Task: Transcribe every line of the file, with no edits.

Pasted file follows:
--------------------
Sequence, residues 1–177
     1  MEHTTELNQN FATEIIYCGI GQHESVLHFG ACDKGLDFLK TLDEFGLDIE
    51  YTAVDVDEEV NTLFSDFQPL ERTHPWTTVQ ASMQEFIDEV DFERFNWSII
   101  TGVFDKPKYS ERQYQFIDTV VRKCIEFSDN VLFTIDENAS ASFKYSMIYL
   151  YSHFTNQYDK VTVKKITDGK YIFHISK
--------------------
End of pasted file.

Sequence, residues 1–177
     1  MEHTTELNQN FATEIIYCGI GQHESVLHFG ACDKGLDFLK TLDEFGLDIE
    51  YTAVDVDEEV NTLFSDFQPL ERTHPWTTVQ ASMQEFIDEV DFERFNWSII
   101  TGVFDKPKYS ERQYQFIDTV VRKCIEFSDN VLFTIDENAS ASFKYSMIYL
   151  YSHFTNQYDK VTVKKITDGK YIFHISK